Postpartum Depression

Read Complete Research Material


Proposal on

“Postpartum Depression”


Outline of the Study

This study will be based on the topic “Postpartum Depression”. The first chapter will provide an introduction to the topic including the purpose and significance of the study. The second chapter will present a review of relevant literature, highlighting the previous research carried out in this field. The third chapter will cover the methodology for this study. The analysis of findings and discussion will be presented in the fourth chapter. The fifth chapter will conclude the study, providing implications and useful recommendations for further research.

Background of the research

Depression, as a mental health disorder, is defined as persistent feelings of sadness that interfere with daily functioning. Depression is a continuum of mood disorders that include major depressive disorder, dysthymic disorder, psychotic depression, postpartum depression, and seasonal affective disorder. A related disorder, biopolar disorder, includes extreme mood swings that cycle from depressive to maniac states. Females outnumber males in major depressive disorders at a ratio of 2:1 during a woman's childbearing years. However, both prior to puberty and after menopause, rates of depressive disorders between males and females are similar. (Stern, 1995)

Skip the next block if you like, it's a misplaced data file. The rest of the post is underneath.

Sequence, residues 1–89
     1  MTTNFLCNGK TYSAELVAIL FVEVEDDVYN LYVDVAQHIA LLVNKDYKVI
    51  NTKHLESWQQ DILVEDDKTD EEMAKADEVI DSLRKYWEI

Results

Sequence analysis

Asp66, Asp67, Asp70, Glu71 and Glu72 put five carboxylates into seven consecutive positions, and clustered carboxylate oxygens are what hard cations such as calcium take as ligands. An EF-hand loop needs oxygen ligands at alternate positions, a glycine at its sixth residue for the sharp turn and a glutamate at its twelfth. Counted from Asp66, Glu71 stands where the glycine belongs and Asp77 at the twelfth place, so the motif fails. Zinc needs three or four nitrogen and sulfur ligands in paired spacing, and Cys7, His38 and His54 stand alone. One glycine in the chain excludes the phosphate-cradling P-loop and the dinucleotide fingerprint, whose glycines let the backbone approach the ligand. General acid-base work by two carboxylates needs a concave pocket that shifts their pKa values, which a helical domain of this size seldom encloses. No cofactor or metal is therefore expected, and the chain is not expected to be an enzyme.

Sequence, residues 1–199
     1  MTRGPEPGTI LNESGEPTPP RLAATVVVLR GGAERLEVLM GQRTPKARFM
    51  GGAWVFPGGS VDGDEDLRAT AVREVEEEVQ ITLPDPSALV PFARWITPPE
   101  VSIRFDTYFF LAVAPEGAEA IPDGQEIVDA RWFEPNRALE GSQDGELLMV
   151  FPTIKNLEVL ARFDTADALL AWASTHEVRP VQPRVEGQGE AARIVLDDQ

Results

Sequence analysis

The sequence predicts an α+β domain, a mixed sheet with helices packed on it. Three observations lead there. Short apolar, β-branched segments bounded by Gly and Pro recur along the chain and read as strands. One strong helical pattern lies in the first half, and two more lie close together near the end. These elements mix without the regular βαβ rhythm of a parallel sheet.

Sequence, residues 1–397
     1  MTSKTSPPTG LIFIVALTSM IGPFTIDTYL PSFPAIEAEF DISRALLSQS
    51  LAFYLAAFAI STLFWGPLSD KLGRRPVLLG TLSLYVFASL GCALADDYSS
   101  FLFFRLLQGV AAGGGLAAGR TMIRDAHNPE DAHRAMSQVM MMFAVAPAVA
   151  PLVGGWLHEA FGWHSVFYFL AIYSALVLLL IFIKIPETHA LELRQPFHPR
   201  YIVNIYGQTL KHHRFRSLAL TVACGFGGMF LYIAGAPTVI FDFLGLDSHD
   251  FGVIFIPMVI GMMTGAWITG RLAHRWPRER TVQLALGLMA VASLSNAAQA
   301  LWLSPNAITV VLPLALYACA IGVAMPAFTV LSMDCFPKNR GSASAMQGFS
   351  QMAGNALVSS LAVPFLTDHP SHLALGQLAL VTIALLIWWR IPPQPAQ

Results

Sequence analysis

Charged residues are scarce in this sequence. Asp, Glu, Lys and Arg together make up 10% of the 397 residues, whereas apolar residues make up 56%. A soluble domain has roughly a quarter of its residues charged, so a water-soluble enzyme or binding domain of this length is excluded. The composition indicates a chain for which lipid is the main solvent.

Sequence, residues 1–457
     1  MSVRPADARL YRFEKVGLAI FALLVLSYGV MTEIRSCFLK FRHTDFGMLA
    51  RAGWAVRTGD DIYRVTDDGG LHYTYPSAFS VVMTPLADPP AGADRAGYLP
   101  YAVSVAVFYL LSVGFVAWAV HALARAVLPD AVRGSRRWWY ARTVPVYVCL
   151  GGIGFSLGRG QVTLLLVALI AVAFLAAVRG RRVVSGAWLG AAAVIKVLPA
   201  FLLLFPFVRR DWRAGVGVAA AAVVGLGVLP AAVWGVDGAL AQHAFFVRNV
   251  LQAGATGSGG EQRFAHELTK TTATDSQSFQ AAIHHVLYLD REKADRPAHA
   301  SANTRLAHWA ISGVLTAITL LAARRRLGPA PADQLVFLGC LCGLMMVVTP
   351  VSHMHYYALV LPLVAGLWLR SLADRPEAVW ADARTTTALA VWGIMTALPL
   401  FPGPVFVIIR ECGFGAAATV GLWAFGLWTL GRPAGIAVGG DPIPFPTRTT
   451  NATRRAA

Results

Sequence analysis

At least 13 percent of new mothers suffer from postpartum depression, with higher rates occurring among women of color, single mothers, adolescent mothers, and low-income mothers. Some degree of stress due to the adjustment to motherhood is normal, with “baby blues” estimated to occur in 50-80 percent of women during the first two weeks of motherhood. However, postpartum depression occurs when feelings of sadness, irritability, fatigue, and worthlessness overwhelm new mothers. Post-partum depression is more severe and longer lasting than the “baby blues.” It typically begins about one month postpartum and can last up to a year. Postpartum depression is often undiagnosed and untreated, even though effective treatment is available. (Compas, 1998)

Problem Statement

Increase in rates in depression is found, however, during the postpartum period. However, hormonal changes alone are unlikely to cause postpartum depression, since rates within this population are consistently higher among women with a personal and/or family history of depressive episodes. There is no single cause for depression, and risk factors can include genetics—specifically having a first-degree relative with depression; sex hormones; and life stress and trauma, such as sexual abuse, assault, domestic violence, and physical illness. Infertility, miscarriage, and stillbirth are also associated with depression for women as traumatic and uncontrollable life events, as well as through the increased stress of medical intervention—especially in the case of infertility.

Aims and Objectives

The main aims and objectives of this study will be:

To explore the concept of Postpartum Depression

To analyze different causes of Postpartum Depression

To find out the relationship between the postpartum depression, domestic violence and sexual abuse, and

To figure out the cognitive behavioral therapy of women in the postpartum period.

Research Question

What is the relationship between postpartum depression, domestic violence and sexual abuse?

How cognitive behavioral therapy can help women in the postpartum period?

Ethical Concern

One profound moral issue that action researchers, like other scientists, cannot evade is the use they make of ...
Related Ads